A good education is emerging as the number one priority for the post 2015 world for the nearly 1 million people around the world who have voted in the UN/civil society poll regarding the world we want. (The blue boxes at the top of this bar chart indicate this) .As specialists in this field the responsibilities of reflecting, revisiting and revisioning education for the world we want are considerable. What special perspective does a comparative approach bring? The argument I want to make is that much of the work on the MDGs and EFA, which focuses on enrolment, progression and attainment takes too narrow a remit for why we do comparative education. Although much useful traction on the problem of children out of school or learning little within can be gained from looking at a limited range of issues, important insights are lost. These include why distribution is patterned in particular ways, the nature of the relationships between people, ideas and social formations, how and why particular people do ordinary and extraordinary things, what normative compass we take, and why. Crucially such a limited remit disorientates us as to why we might do comparison at all. In this lecture I want to reflect on what some of these gains and losses are and then argue for a distinct approach to the comparative process, which I consider is especially useful to a post 2015 framework.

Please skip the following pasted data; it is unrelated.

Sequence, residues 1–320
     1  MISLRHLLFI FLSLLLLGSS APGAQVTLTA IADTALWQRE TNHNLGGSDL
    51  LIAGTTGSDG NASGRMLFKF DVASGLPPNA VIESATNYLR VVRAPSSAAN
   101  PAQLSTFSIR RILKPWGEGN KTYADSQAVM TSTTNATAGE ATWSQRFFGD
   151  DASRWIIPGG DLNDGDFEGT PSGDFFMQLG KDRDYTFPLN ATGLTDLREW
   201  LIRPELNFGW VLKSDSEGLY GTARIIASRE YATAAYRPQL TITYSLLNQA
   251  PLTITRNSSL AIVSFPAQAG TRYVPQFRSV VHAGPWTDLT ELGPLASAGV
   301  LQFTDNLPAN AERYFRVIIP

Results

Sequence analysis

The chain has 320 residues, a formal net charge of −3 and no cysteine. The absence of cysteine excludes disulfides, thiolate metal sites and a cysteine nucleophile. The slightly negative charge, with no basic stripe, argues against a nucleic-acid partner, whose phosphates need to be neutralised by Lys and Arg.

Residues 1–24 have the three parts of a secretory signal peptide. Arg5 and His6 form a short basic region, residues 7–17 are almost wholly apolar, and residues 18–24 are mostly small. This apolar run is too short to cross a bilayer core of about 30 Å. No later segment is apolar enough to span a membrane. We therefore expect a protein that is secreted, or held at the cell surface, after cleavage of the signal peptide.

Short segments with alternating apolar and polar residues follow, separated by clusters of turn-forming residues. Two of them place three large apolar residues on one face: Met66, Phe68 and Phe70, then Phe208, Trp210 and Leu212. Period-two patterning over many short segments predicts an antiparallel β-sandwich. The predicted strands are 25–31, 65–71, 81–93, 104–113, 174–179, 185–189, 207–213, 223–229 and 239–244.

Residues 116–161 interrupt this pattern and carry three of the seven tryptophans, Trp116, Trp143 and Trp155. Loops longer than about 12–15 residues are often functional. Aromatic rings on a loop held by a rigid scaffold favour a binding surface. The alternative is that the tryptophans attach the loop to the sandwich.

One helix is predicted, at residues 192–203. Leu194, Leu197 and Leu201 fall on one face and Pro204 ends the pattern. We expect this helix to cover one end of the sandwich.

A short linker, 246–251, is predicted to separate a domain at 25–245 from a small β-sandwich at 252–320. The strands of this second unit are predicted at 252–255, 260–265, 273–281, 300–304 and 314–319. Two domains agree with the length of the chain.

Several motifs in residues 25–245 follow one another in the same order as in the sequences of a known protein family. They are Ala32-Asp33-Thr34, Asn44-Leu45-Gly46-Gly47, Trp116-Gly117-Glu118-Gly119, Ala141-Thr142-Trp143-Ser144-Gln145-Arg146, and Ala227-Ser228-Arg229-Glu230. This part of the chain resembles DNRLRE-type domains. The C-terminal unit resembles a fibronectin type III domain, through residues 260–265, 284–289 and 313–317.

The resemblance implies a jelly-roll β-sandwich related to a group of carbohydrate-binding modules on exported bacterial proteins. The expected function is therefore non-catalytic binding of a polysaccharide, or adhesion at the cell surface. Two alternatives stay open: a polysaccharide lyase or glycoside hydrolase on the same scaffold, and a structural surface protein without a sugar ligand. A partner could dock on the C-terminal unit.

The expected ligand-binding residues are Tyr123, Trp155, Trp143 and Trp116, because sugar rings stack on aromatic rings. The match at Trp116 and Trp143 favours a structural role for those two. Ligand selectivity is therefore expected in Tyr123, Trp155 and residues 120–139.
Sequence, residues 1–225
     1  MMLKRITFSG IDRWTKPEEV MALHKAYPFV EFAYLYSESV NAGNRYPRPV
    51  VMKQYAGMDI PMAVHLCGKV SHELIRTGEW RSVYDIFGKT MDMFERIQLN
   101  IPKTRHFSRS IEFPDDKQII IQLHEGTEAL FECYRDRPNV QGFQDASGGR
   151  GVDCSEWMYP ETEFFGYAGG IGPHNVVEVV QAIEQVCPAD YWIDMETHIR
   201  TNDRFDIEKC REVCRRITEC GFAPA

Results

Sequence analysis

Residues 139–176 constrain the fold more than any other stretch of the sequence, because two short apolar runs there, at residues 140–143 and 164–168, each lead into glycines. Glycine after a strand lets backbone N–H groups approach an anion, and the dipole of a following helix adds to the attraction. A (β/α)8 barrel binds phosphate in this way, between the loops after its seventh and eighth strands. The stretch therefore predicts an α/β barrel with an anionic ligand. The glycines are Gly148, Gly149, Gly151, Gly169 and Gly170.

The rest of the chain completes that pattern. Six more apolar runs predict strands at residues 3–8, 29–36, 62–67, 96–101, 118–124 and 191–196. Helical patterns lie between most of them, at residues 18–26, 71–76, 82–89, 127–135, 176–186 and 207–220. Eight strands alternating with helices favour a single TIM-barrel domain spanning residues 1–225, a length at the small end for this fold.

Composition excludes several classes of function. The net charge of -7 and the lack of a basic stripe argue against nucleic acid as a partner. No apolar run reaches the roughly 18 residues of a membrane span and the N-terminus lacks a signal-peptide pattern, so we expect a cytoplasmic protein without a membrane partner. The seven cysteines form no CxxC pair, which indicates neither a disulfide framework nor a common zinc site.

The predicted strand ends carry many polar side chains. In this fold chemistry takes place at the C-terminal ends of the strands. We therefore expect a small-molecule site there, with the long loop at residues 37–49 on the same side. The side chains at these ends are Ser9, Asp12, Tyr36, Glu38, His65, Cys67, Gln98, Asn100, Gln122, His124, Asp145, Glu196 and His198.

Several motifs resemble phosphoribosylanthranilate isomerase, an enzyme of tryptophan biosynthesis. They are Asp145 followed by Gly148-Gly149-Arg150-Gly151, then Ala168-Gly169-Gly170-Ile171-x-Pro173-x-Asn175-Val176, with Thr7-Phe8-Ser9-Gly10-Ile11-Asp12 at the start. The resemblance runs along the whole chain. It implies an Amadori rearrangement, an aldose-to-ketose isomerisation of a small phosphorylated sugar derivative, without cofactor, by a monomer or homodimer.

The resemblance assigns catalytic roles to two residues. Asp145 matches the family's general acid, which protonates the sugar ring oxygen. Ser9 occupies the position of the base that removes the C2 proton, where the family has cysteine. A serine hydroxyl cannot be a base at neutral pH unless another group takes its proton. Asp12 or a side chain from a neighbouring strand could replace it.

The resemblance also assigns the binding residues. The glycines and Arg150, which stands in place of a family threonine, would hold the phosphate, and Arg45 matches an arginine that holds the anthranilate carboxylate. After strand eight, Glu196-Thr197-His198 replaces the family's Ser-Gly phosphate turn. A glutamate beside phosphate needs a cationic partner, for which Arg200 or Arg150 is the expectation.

I must admit at the outset to being unable to come down off the fence in relation to the MDGs and EFA. I see these global frameworks as offering opportunities, but also difficulties. The MDGs and EFA have put together a significant global collaboration to expand and improve the provision of education. Much has been gained and learned in this process. But persistent critiques of the MDGs, include, firstly, that in specifying goals, targets and indicators there is a separation out of concerns with education, health, and poverty so that each is approached down its own track with little thought to contributions from the others;sometimes this approach has generated contradictions between MDGs . I am not sure the High Level Panel (HLP) report on post 2015 in identifying principles, such as ‘no child left behind’ but not processes for sustaining the dynamic between goals, has addressed this question adequately . A second critique is that the approach to development entailed by the MDGs focuses on results and sets aside engagement with larger ethical questions concerned for, example with the nature of social justice or global obligation. Fukuda Parr and Hulme(2009) see this as entailing a rejection of equity for crossing minimum lines of sufficiency. The HLP introduces equity translated through metrics of distribution, rather than principles or practices. This may be adequate, but why it is adequate, and with what provisos requires careful consideration. It is a technical response to a political problem, which may address some, but not all of the critiques of a lack of focus on equity.